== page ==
Torres del Paine, Various Ascents. Sylvain Empereur and I flew from Lyon, France, to Punta Arenas, Chile, on October 12. Two days later, we reached the Japanese Base Camp in the Silencio Valley (to reach the camp, we had to pay U.S. $80 each to enter the national park in which it is situated). We were alone, as it was early in the season and unusually snowy. We waited a week in bad weather before we could move. Then we tried to repeat the route Wild Wild West on the Central Tower of Paine (opened by S. Cosgrove and J. Smith in 1991 and still unrepeated). After two days of climbing in alpine style (with two ropes), we reached belay number 7, but strong winds arrived, forcing us to abseil. Two days later, we climbed the Bonington route on the Central Tower in six hours and 15 minutes from the col to the top (simulclimbing with one pack, no bivy gear, and two ropes). The route was very dry and the weather perfect. After a rest day in base camp on November 1, we used the same style to climb the Aste route of the South Tower in four hours and 45 minutes from the rimaye to the summit (21 hours BC to BC). We used only half a pitch of aid (due to bad rock in the first part) and found difficulties up to French 6c. The upper section was superb, all on sound granite, with good, windy weather. However, during the night, the infamous Patagonian weather returned. Nevertheless, we tried to ascend Ultima Esperanza on the North Tower two times, but the Aste route was to be our last ascent. We left BC on November 11, having climbed four out of the five days possible in the month we spent here.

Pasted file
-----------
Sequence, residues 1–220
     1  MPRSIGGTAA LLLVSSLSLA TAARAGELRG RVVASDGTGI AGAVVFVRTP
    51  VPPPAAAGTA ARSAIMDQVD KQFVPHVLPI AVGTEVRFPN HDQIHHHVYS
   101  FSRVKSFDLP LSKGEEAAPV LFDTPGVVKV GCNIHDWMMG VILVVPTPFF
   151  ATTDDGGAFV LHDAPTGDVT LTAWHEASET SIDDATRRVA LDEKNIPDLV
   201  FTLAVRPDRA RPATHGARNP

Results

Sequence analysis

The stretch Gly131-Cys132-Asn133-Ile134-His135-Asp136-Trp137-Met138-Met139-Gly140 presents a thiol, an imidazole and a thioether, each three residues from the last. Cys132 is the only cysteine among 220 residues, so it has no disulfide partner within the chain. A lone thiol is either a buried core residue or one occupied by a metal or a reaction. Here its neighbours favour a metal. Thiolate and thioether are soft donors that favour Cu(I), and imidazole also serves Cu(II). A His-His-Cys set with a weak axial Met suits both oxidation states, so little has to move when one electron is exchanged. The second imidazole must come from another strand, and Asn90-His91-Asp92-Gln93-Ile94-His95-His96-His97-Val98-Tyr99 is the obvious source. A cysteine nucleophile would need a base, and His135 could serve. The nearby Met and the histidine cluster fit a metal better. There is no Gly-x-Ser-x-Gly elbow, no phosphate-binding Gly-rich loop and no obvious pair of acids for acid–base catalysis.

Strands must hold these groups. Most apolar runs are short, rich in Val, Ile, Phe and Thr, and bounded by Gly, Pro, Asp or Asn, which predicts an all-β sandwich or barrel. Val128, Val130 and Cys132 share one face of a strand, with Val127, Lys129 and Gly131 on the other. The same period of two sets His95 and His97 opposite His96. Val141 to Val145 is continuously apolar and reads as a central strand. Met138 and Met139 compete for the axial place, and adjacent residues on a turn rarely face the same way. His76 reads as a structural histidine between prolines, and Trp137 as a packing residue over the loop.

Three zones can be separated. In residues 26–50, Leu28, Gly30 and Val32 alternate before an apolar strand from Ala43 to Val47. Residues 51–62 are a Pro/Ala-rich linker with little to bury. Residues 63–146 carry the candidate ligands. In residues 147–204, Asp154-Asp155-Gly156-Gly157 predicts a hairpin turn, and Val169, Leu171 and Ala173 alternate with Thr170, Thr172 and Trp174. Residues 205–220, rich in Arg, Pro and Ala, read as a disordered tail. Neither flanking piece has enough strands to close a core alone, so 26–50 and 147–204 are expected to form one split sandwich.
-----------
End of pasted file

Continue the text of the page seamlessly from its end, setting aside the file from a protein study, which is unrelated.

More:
Jérome Arpin, France